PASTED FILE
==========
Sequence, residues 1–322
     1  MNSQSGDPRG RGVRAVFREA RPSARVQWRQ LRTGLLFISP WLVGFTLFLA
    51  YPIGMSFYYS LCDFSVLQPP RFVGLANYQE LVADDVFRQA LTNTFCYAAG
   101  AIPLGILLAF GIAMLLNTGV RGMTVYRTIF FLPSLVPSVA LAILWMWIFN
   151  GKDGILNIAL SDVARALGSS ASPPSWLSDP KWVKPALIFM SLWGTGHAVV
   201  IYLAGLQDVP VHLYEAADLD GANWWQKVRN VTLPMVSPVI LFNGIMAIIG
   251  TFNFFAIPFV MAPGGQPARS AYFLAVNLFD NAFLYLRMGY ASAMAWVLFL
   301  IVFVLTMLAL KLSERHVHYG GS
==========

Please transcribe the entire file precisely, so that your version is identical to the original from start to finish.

Sequence, residues 1–322
     1  MNSQSGDPRG RGVRAVFREA RPSARVQWRQ LRTGLLFISP WLVGFTLFLA
    51  YPIGMSFYYS LCDFSVLQPP RFVGLANYQE LVADDVFRQA LTNTFCYAAG
   101  AIPLGILLAF GIAMLLNTGV RGMTVYRTIF FLPSLVPSVA LAILWMWIFN
   151  GKDGILNIAL SDVARALGSS ASPPSWLSDP KWVKPALIFM SLWGTGHAVV
   201  IYLAGLQDVP VHLYEAADLD GANWWQKVRN VTLPMVSPVI LFNGIMAIIG
   251  TFNFFAIPFV MAPGGQPARS AYFLAVNLFD NAFLYLRMGY ASAMAWVLFL
   301  IVFVLTMLAL KLSERHVHYG GS